The number one reason that couples cite as their motivation for seeking couples therapy retreats in Harrisburg is communication problems in their relationship. From my own years of experience, I don’t believe the problem is that couples don’t talk or can’t talk. In fact, in my initial couples therapy session, I ask a diagnostically-apt question to help couples see that they have no problem talking or listening to each other: “What are your spouse’s top complaints about you?”
Most partners can answer this question pretty easily, proving that communicating isn’t the problem. They know what their partner’s complaint is, so they are talking to each other. It’s a slight detail in this communicating piece that couples skimp on. This most basic missing communication piece is one of the biggest issues that I observe: the details. Heck, it’s the reason I am writing this article, because it just happened in my relationship.
It is demonstrated, again and again, that details in communication are paramount.
This past week, we got a good bit of snow. I am not able to shovel snow because a significant accident eliminated this option for me. An invisible wound. I can swim, run, and bike, but I cannot shovel or paint, owing to these physical issues. Weird, I know. I have tried again and again, only to be sidelined for days.
My wife knows this and has seen it firsthand. However, we do have a mini snow blower (one that has an electric cord and is pretty terrible in anything significant), so with the snow gathered on our property, I decided that I would give that mini snow blower a shot. To mine and my wife’s surprise, I can now help when it snows! Right?! Wrong.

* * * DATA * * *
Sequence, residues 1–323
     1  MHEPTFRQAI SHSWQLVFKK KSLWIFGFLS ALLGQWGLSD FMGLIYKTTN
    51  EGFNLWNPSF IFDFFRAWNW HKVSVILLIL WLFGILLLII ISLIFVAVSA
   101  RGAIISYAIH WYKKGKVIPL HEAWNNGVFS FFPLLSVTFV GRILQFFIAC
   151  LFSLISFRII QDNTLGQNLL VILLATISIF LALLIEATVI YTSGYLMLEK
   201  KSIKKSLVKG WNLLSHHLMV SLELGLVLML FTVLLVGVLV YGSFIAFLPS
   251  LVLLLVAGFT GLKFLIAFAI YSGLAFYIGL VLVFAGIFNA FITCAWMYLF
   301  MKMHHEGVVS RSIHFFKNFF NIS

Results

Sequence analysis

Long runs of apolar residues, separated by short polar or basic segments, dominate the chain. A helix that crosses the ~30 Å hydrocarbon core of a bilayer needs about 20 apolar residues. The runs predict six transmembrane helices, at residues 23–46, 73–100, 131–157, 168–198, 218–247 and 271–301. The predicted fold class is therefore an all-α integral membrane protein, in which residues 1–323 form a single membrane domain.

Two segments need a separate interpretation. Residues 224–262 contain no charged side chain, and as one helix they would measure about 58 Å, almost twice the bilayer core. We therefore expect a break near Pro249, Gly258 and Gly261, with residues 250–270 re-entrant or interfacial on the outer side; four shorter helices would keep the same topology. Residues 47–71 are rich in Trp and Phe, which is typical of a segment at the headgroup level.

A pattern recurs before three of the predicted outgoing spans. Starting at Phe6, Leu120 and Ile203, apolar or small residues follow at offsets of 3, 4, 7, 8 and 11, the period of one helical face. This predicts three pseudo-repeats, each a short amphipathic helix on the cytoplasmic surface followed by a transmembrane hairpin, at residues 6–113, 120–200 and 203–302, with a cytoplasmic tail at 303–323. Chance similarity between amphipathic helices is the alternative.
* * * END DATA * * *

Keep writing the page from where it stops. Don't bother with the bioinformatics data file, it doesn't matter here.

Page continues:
That day, I had done 75% or more of our driveway when she came out to help after work. Here comes the missing detail: just because the conditions were perfect for my snow blower and I was able to clear some snow, does not mean my physical limitations were gone and I could help without suffering painful consequences. Working with this contraption, I still ended up with a shovel in hand to break up the piles and push the snow blower, and I had shooting pains down my back.
The missing ingredient?! I didn’t tell her these details. She should know them! HA.
The next morning, she went out to shovel. She told me she was going. I didn’t say I wasn’t coming. I ASSUMED that was a given. I went out to the garage to grab a smaller shovel to clear a spot for the dog out back (which, by the way, killed my back again in 2 minutes).
After I took the dog out, I went out front to offer moral support and my wife said, “I thought you were coming out to help.” Feeling accused, I shot back angrily that I can’t shovel! The anger is part defense because I HATE that I cannot shovel. She said something like, “Well, I heard you get a shovel and I assumed you were coming to help.” After we fired back a few more angry exchanges, I went inside and began to think about what had just gone wrong.
Damn! It is that tricky little detail thing I forget! I have to spell things out and not assume my partner knows the details. My mistake was not clarifying the situation before she went out. Had I, it might have sounded something like this: “Hey, so you are going out to shovel and you know I can’t help, right? Yesterday was a fluke. I can take the dog out and try to scratch out a little patch for her.”
So, the basic ingredients for effective communication is: don’t skimp on the details and don’t assume.
I can’t tell you how many fights I hear about from couples that start off with, “I thought she/he knew…” or “I thought they were going to”… They say the devil is in the details. I think the devil of a fight is actually kicked off by making faulty assumptions and skimping on providing those key details.
If you don’t even know where or how to start bringing up details in your conversations with your partner, let alone start a conversation, you might want to consider my intensive couples therapy in Harrisburg. Designed to foster effective results for couples in a condensed amount of time, these full-day couple therapy retreats are akin to 3 months in couples therapy.
Do you want to learn how to improve your relationship now? Learn more about marriage and couples relationship coaching.